May 31, 2017

Business personas

Let’s say you’ve decided to start your own small business; you’ve been passionate about candles for a long time, and your new business is making and selling candles. As part of your business plan, you’ve found a workspace, purchased the supplies to get your first batch going, filed all necessary paperwork and even found a designer to design and print the labels for your candles. Next on the “to do” list is to get business cards printed and your own website launched. You’re feeling great about your plans, but a month later you’re struggling to find customers. What went wrong?


One of the most common mistakes business owners make is to assume their target audience is “everyone.” After all, who wouldn’t want to buy a candle? But in terms of finding your niche in an incredibly crowded marketplace, choosing just one audience could help your business find its core buying group.

That’s where personas come in.

A persona is essentially a template of the buyer you’re looking for. To get started, think of a type of person who might consider buying your product. For this example, we’re going to pretend a common candle buyer is a professional woman in her 20s. This hypothetical woman lives in an apartment in an urban area, lighting candles on a nightly basis as part of her relaxation routine. This woman, who you name Natalie, makes between $40-50,000 a year and loves to walk around farmers’ markets. She’s also interested in traveling, but wants to buy a house in the next 5-7 years so she’s focused on being financially frugal. Her favorite social media sites are Facebook, Instagram and Pinterest.

Now, let’s think about what this persona can teach us about our marketing strategy. Natalie is frugal, but likes to light candles to help her relax. Does your business model include a line of calming scents at reasonable prices? Do you highlight the fact that your candles emit low levels of smoke, which makes them ideal for apartment dwellers? If not, there’s a business opportunity. Also, is your business running accounts on her favorite social media sites? Pinterest allows you to link pins directly to product pages on a website, which obviously creates a huge opportunity for your business. Additionally, if you know many of your target buyers frequently go to farmers’ markets, perhaps it’s time to invest in a weekly booth.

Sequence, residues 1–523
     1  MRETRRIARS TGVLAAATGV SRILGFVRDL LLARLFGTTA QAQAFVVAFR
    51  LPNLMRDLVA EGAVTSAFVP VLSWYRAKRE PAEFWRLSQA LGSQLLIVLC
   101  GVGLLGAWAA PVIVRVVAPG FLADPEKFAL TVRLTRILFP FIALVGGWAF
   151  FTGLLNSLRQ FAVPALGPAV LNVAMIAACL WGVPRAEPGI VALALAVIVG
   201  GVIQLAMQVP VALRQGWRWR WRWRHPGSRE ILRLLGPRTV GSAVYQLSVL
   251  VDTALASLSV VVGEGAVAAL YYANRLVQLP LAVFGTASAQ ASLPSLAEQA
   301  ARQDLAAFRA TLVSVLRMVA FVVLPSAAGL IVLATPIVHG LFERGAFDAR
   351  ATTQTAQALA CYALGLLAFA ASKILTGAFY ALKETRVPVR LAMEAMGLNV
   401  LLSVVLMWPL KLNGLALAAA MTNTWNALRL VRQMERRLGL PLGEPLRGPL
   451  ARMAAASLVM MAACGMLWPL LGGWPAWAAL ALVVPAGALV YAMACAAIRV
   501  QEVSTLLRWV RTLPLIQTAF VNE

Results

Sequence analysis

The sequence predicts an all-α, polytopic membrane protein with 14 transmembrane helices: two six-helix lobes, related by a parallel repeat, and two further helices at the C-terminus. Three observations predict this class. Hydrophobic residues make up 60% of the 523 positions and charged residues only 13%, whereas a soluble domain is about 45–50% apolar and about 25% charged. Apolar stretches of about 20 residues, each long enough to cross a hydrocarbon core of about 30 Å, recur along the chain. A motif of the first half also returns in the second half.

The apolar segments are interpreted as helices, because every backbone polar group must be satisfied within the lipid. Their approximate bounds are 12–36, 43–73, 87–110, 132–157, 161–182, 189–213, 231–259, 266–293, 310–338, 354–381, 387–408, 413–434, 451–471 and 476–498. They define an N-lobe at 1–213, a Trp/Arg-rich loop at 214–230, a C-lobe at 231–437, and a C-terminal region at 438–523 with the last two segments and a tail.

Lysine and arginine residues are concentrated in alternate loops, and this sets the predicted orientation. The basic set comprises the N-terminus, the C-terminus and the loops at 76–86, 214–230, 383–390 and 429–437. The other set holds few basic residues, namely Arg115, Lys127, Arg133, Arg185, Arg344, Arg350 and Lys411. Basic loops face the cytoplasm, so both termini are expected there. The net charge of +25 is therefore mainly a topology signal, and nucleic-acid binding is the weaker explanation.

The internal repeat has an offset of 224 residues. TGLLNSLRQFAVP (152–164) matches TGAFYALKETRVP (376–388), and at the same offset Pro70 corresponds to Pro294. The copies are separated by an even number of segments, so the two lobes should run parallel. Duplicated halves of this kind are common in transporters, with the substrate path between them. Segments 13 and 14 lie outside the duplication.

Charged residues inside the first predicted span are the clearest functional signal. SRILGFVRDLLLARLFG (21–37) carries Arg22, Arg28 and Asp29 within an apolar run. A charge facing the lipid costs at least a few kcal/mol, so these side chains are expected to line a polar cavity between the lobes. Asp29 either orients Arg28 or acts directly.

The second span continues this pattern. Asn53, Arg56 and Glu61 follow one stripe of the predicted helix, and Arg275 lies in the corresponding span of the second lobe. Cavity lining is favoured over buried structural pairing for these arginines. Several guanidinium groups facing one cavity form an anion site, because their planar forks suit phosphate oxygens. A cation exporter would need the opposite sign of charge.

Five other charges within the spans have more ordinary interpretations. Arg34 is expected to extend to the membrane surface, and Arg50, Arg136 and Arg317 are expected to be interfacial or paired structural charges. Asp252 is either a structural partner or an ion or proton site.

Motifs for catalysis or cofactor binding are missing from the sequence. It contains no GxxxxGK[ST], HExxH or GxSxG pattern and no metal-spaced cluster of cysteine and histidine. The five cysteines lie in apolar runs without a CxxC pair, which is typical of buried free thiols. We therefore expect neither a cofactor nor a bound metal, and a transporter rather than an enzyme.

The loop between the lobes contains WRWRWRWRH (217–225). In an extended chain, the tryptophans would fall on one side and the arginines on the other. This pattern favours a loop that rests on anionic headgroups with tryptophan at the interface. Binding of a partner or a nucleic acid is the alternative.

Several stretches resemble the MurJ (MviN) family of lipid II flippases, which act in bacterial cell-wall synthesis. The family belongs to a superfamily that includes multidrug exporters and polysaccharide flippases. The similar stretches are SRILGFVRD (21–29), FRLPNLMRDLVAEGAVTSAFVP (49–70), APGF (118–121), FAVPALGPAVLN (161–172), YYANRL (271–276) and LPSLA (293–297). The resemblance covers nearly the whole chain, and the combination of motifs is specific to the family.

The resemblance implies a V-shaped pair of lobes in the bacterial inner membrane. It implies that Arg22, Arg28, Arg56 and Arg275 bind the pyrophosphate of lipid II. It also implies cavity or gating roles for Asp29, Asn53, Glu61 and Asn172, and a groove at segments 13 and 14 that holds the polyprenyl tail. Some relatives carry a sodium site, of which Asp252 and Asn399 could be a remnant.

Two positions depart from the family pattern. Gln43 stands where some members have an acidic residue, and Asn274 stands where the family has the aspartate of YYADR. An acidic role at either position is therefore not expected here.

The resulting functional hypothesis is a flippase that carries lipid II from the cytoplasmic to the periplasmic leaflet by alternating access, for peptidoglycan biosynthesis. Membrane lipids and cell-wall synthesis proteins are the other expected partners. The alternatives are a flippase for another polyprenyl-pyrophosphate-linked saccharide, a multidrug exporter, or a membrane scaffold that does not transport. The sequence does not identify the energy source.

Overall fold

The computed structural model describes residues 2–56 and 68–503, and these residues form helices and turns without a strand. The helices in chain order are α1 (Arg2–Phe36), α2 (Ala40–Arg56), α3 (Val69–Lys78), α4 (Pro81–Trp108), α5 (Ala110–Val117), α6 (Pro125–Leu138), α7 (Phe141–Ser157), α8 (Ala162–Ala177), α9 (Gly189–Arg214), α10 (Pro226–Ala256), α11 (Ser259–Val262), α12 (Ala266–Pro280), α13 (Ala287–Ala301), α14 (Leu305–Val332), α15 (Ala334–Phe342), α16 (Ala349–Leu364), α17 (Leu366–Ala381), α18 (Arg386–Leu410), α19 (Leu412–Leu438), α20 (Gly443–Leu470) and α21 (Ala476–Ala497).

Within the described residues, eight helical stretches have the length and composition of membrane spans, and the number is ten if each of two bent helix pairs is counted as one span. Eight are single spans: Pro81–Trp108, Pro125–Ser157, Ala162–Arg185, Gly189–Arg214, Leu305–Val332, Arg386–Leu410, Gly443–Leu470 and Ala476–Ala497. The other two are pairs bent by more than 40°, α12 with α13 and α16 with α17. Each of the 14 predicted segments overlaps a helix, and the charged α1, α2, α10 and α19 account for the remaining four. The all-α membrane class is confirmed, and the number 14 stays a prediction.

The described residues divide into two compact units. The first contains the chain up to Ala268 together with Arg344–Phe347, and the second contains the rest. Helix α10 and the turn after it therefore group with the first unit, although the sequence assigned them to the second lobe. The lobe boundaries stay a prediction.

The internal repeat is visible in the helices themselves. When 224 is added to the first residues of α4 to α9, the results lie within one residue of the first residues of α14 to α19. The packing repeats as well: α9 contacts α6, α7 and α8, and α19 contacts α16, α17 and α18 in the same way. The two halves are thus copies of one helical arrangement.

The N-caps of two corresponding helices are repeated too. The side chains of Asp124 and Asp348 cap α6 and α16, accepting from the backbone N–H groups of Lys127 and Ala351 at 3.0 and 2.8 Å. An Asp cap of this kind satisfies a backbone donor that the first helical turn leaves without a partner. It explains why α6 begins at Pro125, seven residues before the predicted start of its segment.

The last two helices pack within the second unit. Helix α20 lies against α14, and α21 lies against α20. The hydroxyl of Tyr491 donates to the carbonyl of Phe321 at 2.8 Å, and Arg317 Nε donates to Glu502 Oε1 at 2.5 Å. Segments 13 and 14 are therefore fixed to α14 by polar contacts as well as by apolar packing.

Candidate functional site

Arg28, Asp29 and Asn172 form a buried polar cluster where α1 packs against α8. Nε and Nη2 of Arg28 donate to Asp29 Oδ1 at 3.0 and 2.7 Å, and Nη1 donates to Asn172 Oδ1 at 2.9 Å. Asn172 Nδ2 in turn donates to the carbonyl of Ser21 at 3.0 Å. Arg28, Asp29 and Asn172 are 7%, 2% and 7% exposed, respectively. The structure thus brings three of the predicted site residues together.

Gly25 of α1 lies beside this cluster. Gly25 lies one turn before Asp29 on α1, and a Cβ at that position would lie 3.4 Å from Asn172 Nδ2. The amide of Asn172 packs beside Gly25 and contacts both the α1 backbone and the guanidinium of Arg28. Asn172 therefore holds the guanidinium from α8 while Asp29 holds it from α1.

Creating individual personas for each of your target buying groups helps inform where your business needs to be. If you still think your product is for everyone, consider creating 4-5 personas for each different age demographic and see if that teaches you anything about reaching a more diverse audience. Also, consider creating a formal personal profile (complete with a photo) and posting it in your office. That way when you’re executing your various campaigns, you can review personas to make sure your ideas line up with your target audiences.

Have you had success in using personas to grow your business? Or are you still not sure what they are? Let us know in the comments below!

About the author: Sydney Smith

Sydney Smith has been the Dynamic Social Innovator at 6AM Marketing since March 2017. She has a Master's degree in Interactive Media from Quinnipiac University and extensive experience creating content and social media campaigns. 

Post tags:Strategy

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